Dolce & Gabbana and Chinese corruption

The biggest story over the past three weeks in Hong Kong has been the alleged ban by Dolce & Gabbana of people taking photos of their store front from the street.

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There have been daily protests in the street, and this story has been in the papers every day for 3 weeks. Local residents have been railing against discrimination; they claim that high-end shops don’t want their custom and favour mainland Chinese.  [NB They are probably right, but it’s these mainlanders that are keeping Hong Kong in positive growth.] The Photographers Union have joined in declaring their right to take any photo in a public situation. And tourists are probably bemused by being told they can’t take photos.

The story in the (fiercely independent) English Hong Kong Newspapers is one of discrimination against Hong Kongers (of which I am of course a new member).  You may be disappointed that – although I was mildly disappointed that I couldn’t find a single pair of Uggs for Nancy’s birthday (because they had all been bought up by mainlanders) – I am not planning an uprising, sit down disputes or “I have a dream”-like speeches.

One of the reasons for this is that the story behind this story is a good deal more interesting. The original complaint apparently came from a mainlander who complained to a guard about people taking photos. His rationale for this was probably the existence of an excellent website that showed only a picture of a Chinese Official and their watch. This website was created by Huaguoshan Zongshuji” (花果山总书记, literally, General Secretary of Huaguo Mountain) who has a deep, male-like interest in the taxonomy of high-end watches. The point of this website is to juxtapose the picture of the chinese official, the cost of his/her watch and their annual salary. Invariably, it shows that the cost of an official’s watch is higher than their annual salary. This website has been rendered inaccessible by Chinese authorities, before appearing again in another guise.  This is a pity; I would have thought it would be an excellent source of data for Chinese authorities looking to stamp out corruption. Nevertheless, I can see that it is embarrassing for Chinese Authorities.

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The PR people at Dolce & Gabbana have handled the story badly. Their original (truthful) line was that they hadn’t complained. Unfortunately, the story was that they were discriminating against Hong Kongers (probably true). Two weeks later, they did apologise but – as is the way with this type of story – it was a lukewarm apology, the type that comes after Head Office has put pressure on them to stop the daily negative headlines.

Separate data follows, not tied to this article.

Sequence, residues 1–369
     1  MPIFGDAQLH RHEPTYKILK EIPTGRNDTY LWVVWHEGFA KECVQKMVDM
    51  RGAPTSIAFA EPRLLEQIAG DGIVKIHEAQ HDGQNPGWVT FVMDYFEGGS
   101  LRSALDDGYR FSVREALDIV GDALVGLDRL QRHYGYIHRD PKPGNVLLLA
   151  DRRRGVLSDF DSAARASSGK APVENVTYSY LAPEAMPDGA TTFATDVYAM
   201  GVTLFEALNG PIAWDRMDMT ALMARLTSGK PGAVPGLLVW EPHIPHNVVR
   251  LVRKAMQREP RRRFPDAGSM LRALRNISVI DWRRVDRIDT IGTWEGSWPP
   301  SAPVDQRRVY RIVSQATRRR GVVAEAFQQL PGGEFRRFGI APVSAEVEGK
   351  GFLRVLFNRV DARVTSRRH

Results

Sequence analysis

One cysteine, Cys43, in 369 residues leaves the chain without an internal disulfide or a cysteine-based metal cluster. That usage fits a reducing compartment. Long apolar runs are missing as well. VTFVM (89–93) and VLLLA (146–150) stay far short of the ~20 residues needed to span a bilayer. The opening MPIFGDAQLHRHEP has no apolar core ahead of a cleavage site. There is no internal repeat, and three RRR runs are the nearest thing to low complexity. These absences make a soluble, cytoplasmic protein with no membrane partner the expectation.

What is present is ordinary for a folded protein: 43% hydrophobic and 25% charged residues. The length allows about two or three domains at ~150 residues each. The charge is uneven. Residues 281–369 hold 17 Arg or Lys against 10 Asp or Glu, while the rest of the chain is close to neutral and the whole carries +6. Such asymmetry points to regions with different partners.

You may ask why people want to take a photo of the high-end stores. The reason is that outside each of these shops there are queues of people waiting to be allowed to enter and guards preventing their entry until another customer exited.

And why do mainlanders come to Hong Kong for their shopping in the first place? First, the Chinese like the western brands and are now apparently sometimes abusive to those wearing fake gear. Second, the Chinese don’t trust products sold in China, even branded ones from branded stores.

The ultimate irony is that the Chinese go to shop in Hong Kong to buy branded western goods made in China (rather than fake goods, also made in China).

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One response to this post.

  1. Posted by Melville on January 27, 2012 at 2:16 pm

    ‘Work hard on the job today or work hard to find a job tomorrow’ is the philosophy of the Chinese factory which makes Ipads – so a UK paper says today.

    It would seem that whether the product is genuine or fake then the work practices in Chinese factories leave much to be desired and doubtful if the actual worker can afford the item he makes.

    What I want to know is how do they stop people taking the pictures? With the uniquity of mobile phoes with camera functions I would have thought it would require little espionage skill to take a picture whilst pretending to talk on the phone.

    If Hong Kongers cannnot take pictures, get yout mother to do so before she leaves. It might be saleable on ebay!

    Reply

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